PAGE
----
Becker’s interest in glass began in 2006 when she was a first-year student working in the MIT glass lab, and she is excited to combine that artisanal interest with her professional expertise. “This will be the most substantial project I’ve undertaken, with the greatest potential for positive environmental and societal impact.”

What’s the buzz?

The wearable sensors that Dagdeviren and students in her Conformable Decoders research group at the MIT Media Lab have been developing to track human health are getting a new purpose: to study the behavior of individual honeybees and how those behaviors add up to swarm intelligence.

In her proposal, “Conformable surface acoustic wave sensors to study swarm intelligence in honeybees,” Dagdeviren explains how she will work with material scientists, electronics engineers, and data visualization experts to develop a tiny and flexible sensor tag for each bee. They will also develop the hardware on the tag to allow its signals to be sent wirelessly and design the software to collect and combine data from the tagged bees.

The findings could help researchers document how climate change is impacting communication among bees, she notes. A better understanding of swarm intelligence could also provide new insights into how humans interact socially in individual-centered and multifaceted societies.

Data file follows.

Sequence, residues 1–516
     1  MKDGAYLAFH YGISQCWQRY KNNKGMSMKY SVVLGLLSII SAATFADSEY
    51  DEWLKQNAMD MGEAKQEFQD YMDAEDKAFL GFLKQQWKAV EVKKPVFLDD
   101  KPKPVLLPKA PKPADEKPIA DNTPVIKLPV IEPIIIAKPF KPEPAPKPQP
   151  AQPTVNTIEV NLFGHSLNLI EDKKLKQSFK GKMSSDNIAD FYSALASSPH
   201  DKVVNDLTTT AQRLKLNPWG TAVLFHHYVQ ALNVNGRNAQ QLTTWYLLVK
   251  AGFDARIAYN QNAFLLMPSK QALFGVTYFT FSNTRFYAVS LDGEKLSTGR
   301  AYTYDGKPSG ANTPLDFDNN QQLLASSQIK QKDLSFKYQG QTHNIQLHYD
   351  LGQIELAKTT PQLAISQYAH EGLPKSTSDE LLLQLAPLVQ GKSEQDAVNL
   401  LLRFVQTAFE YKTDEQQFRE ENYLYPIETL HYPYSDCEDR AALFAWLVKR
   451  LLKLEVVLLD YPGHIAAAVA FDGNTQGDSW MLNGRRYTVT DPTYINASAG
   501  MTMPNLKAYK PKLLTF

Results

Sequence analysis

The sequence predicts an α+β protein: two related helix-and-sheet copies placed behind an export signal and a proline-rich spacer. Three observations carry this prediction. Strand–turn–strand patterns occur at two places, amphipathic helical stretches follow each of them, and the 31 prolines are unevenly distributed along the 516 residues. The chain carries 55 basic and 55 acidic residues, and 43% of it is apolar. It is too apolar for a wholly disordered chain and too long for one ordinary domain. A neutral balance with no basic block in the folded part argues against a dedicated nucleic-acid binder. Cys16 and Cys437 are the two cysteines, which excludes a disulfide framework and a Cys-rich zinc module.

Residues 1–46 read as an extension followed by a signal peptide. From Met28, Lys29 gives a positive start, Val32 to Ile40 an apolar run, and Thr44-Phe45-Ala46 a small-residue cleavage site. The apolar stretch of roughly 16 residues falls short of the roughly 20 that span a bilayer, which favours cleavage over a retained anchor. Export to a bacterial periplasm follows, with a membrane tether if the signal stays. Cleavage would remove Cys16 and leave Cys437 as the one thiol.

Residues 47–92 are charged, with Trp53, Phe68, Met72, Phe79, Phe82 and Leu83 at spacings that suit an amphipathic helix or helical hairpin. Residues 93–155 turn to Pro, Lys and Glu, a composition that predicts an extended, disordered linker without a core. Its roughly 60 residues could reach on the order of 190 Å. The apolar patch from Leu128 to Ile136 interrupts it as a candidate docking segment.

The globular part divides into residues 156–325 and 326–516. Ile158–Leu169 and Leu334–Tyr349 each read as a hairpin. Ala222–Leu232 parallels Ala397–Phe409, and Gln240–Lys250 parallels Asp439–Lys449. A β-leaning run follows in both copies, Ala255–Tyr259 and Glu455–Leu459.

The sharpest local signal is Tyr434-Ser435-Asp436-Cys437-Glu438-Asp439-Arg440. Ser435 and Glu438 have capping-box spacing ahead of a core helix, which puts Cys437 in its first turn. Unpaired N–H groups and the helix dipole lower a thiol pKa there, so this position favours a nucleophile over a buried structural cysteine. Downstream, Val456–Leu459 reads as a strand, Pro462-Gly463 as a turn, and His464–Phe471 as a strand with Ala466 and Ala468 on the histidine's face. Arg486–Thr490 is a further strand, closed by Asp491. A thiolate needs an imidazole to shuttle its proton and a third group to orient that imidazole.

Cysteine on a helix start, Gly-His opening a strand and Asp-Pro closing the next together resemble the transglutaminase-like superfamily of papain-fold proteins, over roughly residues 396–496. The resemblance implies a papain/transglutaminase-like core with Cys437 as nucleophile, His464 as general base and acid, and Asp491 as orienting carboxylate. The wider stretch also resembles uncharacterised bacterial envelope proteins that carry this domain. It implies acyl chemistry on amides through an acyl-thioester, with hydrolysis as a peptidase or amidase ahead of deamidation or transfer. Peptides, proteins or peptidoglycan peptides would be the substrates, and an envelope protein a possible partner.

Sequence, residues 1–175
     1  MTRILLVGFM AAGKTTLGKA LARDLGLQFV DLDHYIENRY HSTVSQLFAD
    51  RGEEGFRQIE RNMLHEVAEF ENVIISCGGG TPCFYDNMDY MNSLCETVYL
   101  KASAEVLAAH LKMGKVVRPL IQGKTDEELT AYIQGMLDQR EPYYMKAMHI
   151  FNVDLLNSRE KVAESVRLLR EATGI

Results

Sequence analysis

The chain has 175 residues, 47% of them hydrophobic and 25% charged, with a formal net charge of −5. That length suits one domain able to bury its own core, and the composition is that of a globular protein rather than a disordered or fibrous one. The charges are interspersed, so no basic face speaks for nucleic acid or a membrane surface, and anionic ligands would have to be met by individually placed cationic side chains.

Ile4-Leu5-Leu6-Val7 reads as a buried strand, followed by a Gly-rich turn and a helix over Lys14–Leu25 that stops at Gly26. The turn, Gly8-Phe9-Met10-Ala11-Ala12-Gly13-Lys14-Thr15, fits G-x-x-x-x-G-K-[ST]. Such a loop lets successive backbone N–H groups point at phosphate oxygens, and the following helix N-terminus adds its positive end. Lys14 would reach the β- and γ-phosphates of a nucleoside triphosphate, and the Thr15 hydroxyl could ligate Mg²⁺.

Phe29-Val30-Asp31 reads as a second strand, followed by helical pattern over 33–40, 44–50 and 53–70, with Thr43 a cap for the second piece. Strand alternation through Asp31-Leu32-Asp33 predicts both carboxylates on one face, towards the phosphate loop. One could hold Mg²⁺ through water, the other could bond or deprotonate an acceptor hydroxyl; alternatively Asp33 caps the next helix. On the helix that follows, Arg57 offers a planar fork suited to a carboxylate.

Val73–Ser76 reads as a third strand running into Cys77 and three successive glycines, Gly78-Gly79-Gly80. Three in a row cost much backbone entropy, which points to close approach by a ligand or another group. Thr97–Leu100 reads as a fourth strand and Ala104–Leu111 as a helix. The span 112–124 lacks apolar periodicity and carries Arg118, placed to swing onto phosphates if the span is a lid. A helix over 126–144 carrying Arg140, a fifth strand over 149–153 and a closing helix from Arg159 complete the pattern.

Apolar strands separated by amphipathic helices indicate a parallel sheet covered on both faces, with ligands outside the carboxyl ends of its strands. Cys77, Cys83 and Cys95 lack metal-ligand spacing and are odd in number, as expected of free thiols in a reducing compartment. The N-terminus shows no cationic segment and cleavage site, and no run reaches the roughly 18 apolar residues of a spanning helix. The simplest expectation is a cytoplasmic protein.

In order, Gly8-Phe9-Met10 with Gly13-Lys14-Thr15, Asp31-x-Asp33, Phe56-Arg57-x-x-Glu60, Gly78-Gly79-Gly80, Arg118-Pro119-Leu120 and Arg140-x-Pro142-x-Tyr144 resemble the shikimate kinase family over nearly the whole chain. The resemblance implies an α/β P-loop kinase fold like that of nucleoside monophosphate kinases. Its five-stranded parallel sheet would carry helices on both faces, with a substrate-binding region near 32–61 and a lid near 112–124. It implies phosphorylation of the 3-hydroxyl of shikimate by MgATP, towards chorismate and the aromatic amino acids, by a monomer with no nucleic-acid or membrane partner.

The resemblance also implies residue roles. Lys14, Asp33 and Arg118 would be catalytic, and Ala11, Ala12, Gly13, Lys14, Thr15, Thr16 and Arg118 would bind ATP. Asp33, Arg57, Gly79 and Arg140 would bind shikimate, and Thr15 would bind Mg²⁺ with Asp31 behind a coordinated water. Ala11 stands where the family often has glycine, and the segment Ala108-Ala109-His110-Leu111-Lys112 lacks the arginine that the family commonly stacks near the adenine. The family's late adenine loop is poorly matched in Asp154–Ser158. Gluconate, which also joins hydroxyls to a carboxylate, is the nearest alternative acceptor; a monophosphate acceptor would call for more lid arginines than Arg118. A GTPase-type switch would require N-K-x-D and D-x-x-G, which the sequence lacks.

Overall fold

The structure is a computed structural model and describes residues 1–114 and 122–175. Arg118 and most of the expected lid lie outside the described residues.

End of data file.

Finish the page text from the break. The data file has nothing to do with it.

“While we have successfully deployed piezoelectric-based sensors for targeted medical interventions involving the human brain, heart, stomach, and limbs, designing wearable sensors for bees … is a new challenge for us, which makes it unattractive to traditional grant sources,” Dagdeviren says.

Excellence in human movement

Picture a shortstop perfectly slinging a ball to first base, a ballroom dancer stepping through the intricacies of the Viennese waltz, or a karate black belt moving effortless through a kata. Are there some fundamental principles behind all of these organized movements — no matter how they’re practiced?

That’s a question that Daniel hopes to answer with his proposal, “Investigating the Elements of Organized Human Movement.” He was intrigued by the question in part due to his own experiences as part of the U.S. and Italian national teams for ballroom dancing and the bocce world championships, and will be working with Armin Kappacher, head of the MIT ballroom dancing team.

The study will relate the properties of joints to more expansive properties such as “elegance of movement,” says Daniel. The goal is to propose a basis for composing organized human movement where external force is distributed efficiently throughout the body’s rigid bones and elastic connective tissues.

“Imagine now that human beings manage to understand the core principles behind organized movement and distill them to provide general education toward healthy movement,” he notes. “This kind of healthy movement education will not only protect us from injuries, but will also keep our brain and body more functional with age, thus improving the quality of human life, while reducing health-care burden.”

The source of this news is from Massachusetts Institute of Technology